Yeah, it’s a really good point, you’re making jam because we all have goals, especially people listening to this podcast, they likely have goals. And sometimes can be tricky focusing on the end result you want. Because there’s that gap between where you are and where you want to be. And sometimes, especially when you’re starting out, that gap is pretty big, and it can get frustrating, but focusing on the steps that you need to take to get to the goal, not really worrying, not really worrying so much about the destination more about the steps that you need, or the actions that you need to take to get to the goal that’s in your control is the activities that you take to get to the end destination. I find that really helps us focus on the actions need to take and not necessarily Oh my like I’m like years away from getting this, accomplishing this goal.

Jane 

And then rewarding ourselves with each step or action. When we reward ourselves for taking action. Then it produces something called acetylcholine in our brain, which tells your brain Oh, do more of that. That’s important. The wire that and do more of that. So when we are expressing appreciation for ourselves or rewarding ourselves just by going a good job. We’re out Putting our brains be wired to do more of it. Then we’re like, oh, that goal that sucks. I feel awful when I make that goal. So I’m not going to do the goal. So we did the exact opposite.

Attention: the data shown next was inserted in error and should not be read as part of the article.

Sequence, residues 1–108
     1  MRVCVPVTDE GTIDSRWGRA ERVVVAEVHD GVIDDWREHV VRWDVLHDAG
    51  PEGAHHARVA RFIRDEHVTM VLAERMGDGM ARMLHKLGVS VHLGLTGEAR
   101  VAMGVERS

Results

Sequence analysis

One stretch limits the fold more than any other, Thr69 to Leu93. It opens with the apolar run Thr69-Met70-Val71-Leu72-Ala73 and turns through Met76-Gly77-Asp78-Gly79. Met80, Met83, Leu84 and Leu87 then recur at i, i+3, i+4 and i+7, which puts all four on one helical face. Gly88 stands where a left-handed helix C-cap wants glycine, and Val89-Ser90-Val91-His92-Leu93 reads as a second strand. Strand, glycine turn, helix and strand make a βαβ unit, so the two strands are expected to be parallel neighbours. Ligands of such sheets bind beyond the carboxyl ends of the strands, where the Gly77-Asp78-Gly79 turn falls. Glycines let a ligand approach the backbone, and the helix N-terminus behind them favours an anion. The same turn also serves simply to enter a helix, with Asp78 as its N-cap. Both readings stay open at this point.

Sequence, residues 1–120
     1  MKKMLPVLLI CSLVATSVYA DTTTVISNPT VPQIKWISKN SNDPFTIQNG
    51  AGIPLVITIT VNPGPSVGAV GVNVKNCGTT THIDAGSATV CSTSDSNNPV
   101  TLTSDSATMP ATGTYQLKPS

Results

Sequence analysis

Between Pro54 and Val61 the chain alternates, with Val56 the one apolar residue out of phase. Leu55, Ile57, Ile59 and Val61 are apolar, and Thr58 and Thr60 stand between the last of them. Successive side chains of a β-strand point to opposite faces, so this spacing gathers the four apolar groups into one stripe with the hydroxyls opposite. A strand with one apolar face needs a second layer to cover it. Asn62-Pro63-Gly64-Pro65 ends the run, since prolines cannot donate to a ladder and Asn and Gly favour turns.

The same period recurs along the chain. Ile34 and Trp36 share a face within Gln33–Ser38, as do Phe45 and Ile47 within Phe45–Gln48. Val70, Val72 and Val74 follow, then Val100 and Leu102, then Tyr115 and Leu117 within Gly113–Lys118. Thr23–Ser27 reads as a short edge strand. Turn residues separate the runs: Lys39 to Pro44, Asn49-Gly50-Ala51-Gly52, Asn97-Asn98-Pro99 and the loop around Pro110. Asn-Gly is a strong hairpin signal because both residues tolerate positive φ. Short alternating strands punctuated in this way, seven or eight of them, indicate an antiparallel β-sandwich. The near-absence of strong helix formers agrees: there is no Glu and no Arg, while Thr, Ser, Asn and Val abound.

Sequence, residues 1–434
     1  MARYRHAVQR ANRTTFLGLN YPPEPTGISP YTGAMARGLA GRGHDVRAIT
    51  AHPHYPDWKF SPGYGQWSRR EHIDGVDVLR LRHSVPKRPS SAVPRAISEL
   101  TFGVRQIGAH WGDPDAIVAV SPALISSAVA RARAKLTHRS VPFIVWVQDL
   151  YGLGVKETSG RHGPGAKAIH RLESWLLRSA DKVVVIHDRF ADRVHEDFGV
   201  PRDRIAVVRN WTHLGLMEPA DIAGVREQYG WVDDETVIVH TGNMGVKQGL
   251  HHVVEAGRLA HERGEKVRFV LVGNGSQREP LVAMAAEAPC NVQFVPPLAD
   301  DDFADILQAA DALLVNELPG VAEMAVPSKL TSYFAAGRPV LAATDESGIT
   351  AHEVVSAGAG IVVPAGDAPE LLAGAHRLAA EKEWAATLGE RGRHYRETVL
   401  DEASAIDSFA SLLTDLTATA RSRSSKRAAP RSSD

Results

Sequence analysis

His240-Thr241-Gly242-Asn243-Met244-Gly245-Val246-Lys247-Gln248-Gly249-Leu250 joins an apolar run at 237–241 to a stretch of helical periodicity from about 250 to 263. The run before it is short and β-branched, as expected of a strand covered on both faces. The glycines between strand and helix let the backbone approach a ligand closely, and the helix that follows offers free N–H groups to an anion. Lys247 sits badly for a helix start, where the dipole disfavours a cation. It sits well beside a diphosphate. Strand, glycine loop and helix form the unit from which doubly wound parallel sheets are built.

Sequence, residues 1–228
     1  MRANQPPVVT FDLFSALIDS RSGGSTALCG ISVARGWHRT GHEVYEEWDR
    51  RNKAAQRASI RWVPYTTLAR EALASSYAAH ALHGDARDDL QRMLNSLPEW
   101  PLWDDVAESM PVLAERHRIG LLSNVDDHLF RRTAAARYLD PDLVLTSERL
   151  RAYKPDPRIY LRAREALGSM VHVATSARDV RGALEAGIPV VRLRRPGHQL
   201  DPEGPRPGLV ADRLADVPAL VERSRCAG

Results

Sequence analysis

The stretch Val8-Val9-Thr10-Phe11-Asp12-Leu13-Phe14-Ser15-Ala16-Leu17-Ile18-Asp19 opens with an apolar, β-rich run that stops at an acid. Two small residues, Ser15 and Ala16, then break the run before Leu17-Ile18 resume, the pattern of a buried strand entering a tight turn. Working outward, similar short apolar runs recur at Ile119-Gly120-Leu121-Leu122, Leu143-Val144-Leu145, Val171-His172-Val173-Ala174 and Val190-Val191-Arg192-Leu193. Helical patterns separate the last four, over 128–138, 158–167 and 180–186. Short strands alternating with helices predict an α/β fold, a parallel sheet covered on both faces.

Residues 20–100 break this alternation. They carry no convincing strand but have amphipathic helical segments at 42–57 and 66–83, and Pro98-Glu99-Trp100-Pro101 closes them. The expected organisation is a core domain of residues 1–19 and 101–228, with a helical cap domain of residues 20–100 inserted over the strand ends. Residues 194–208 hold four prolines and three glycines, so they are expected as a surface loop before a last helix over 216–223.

Ryan  

Excellent. I’ve got one last question for you. And actually, this is the first time so far that I’ve ended up asking you about your morning routine. So getting crazy here on the Morning Upgrade podcast. The question, but so yeah, why don’t we end with you telling everyone, well, share your website, all that. But first, let’s talk about your morning routine, and then share how everyone can learn more about you.